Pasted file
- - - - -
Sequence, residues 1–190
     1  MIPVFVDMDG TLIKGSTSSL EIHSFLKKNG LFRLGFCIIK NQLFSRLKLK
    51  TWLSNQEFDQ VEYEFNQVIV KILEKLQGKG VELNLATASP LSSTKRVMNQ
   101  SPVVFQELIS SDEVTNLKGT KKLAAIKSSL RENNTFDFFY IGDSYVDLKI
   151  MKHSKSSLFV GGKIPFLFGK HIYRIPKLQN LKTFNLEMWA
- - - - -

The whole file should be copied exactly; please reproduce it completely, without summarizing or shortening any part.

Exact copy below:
Sequence, residues 1–190
     1  MIPVFVDMDG TLIKGSTSSL EIHSFLKKNG LFRLGFCIIK NQLFSRLKLK
    51  TWLSNQEFDQ VEYEFNQVIV KILEKLQGKG VELNLATASP LSSTKRVMNQ
   101  SPVVFQELIS SDEVTNLKGT KKLAAIKSSL RENNTFDFFY IGDSYVDLKI
   151  MKHSKSSLFV GGKIPFLFGK HIYRIPKLQN LKTFNLEMWA